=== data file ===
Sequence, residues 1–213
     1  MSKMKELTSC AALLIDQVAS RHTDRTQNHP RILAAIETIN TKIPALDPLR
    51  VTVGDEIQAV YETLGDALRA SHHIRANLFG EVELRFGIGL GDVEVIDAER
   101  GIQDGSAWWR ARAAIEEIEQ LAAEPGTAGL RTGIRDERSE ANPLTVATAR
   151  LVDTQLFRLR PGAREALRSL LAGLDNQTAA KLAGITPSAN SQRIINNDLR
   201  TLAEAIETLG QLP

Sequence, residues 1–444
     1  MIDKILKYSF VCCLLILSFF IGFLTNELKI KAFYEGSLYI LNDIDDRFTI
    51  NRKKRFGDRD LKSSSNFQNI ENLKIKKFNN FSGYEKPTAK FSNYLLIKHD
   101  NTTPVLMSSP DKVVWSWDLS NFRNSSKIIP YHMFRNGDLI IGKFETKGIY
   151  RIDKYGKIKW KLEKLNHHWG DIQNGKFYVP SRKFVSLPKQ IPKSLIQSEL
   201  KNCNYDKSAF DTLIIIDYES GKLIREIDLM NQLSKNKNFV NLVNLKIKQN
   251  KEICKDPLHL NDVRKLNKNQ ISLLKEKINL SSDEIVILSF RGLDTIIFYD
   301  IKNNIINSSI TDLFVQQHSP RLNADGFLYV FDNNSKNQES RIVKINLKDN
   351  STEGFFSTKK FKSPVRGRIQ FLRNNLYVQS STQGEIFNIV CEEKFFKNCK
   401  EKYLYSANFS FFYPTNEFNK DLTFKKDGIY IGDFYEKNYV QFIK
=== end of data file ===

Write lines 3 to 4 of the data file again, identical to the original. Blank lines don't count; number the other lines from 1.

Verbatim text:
    51  VTVGDEIQAV YETLGDALRA SHHIRANLFG EVELRFGIGL GDVEVIDAER
   101  GIQDGSAWWR ARAAIEEIEQ LAAEPGTAGL RTGIRDERSE ANPLTVATAR